Researchers identify mutations causing butterfly-shaped eye pigment dystrophy
A butterfly-shaped pigment accumulation in the macula of the eye, which can lead to severe vision loss in some patients, is due to mutations in the alpha-catenin 1 gene (CTNNA1), an international research consortium including a team from The Jackson Laboratory reports in Nature Genetics.
The findings may have relevance to understanding macular degenerative diseases.
CTNNA1 encodes the protein CTNNA1, an alpha-catenin, which is part of the cellular machinery that glues cells to one another. Among CTNNA1's roles is building and maintaining the retinal pigment epithelium (RPE). This pigmented cell layer is critical for nourishing retinal visual cells and is sandwiched firmly between the neurosensory retina and the choroid, a capillary-rich tissue at the back of the eye.
The research team led by Anneke I. den Hollander, Ph.D., a professor at Radboud University Medical Center in Nijmegen, The Netherlands, identified CTNNA1 mutations in three families in which the butterfly-shaped pigment dystrophy of the eye is common. While relatively benign, this condition in some cases leads to severely impaired vision.
Independently, Professor Patsy Nishina's laboratory at The Jackson Laboratory discovered a mouse strain with an analogous mutation in the same gene as identified by den Hollander's team. Their collaboration revealed that the mouse model exhibits the same symptoms as the human patients, including pigmentary abnormalities, focal thickening, elevated lesions, and decreased light-activated responses in the RPE.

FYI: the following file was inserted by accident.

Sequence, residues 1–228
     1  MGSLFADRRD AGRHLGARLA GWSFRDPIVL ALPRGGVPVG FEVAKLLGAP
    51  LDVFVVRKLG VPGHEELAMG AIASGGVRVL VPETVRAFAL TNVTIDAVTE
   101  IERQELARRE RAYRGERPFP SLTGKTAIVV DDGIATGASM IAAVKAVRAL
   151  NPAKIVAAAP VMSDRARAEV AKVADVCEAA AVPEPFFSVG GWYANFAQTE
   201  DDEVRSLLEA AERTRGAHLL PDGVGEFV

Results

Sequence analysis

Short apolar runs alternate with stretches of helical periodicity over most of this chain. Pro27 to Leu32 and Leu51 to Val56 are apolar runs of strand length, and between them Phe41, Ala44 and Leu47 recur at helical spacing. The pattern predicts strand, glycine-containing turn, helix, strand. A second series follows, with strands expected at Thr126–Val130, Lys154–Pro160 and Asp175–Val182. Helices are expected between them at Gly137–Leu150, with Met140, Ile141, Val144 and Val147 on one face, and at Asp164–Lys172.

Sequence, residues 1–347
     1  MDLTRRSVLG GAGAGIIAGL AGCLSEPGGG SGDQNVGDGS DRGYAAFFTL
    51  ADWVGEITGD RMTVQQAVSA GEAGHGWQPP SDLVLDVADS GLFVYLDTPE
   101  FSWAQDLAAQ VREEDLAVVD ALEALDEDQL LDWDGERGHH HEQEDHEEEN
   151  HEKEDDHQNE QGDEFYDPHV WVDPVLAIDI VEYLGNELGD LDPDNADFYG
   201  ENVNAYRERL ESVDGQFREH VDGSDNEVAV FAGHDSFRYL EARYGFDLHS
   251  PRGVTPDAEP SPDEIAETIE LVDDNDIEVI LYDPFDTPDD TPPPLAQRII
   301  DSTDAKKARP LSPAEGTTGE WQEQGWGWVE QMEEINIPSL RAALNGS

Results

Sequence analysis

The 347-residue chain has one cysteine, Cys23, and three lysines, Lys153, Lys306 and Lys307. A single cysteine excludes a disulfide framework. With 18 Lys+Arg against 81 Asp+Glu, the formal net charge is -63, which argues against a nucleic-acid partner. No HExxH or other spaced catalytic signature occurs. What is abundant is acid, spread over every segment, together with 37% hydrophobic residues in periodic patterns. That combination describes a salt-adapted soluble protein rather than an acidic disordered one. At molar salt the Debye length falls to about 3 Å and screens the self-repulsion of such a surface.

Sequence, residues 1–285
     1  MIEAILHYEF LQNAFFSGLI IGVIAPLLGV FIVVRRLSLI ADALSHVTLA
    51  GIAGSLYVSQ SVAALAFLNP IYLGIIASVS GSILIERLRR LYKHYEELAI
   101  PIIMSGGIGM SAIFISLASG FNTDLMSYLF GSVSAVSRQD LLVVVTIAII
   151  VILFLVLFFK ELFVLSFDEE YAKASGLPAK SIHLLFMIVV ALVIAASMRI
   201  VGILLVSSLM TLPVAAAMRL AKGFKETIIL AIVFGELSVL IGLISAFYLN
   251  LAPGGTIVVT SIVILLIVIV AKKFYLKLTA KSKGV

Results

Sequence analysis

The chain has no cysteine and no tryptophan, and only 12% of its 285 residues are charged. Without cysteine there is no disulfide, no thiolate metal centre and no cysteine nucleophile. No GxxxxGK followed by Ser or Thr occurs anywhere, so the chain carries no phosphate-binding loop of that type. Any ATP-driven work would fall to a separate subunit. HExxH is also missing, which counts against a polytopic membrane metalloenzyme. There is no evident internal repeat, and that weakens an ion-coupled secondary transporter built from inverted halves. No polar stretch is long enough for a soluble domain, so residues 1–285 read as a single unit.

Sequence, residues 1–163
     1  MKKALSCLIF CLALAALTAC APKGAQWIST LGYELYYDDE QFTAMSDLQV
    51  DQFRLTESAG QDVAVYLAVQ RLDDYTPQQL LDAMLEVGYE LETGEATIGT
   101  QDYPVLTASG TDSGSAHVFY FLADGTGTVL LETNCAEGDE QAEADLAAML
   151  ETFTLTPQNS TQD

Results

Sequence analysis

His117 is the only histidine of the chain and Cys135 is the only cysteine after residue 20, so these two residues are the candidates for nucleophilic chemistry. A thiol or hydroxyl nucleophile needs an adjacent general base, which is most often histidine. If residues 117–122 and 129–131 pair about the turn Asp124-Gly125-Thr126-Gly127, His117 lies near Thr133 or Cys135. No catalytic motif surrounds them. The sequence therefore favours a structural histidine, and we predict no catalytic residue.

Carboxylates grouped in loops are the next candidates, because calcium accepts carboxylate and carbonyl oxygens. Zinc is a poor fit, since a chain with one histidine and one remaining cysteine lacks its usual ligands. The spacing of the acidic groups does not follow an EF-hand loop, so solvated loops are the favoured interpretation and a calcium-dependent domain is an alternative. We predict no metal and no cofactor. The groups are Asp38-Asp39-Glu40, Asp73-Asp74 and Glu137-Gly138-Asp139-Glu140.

The researchers theorize that, although CTNNA1 is expressed in both the retina and the RPE, the disease is caused by defects in the RPE. CTNNA1 is a central component of intercellular adherens junctions, which are critical for maintaining RPE integrity.
The finding that the CTNNA1 mutations are a cause of butterfly-shaped pigment dystrophy supports the hypothesis that defects in the cadherin-based intercellular adhesion system may contribute to macular degenerative diseases.
Nishina comments, "This research nicely demonstrates the 'virtuous loop' between findings in patient data and how a good mouse model equivalent can provide detailed insight into the mechanisms of a disease."
Other Jackson Laboratory researchers collaborating in the research were Mark P. Krebs, Wanda Hicks, Lanying Shi, Lucy Rowe, Gayle B. Collin and Jeremy R. Charette.
The Jackson Laboratory is an independent, nonprofit biomedical research institution and National Cancer Institute-designated Cancer Center. It employs 1,700 staff, and its mission is to discover precise genomic solutions for disease and empower the global biomedical community in the shared quest to improve human health.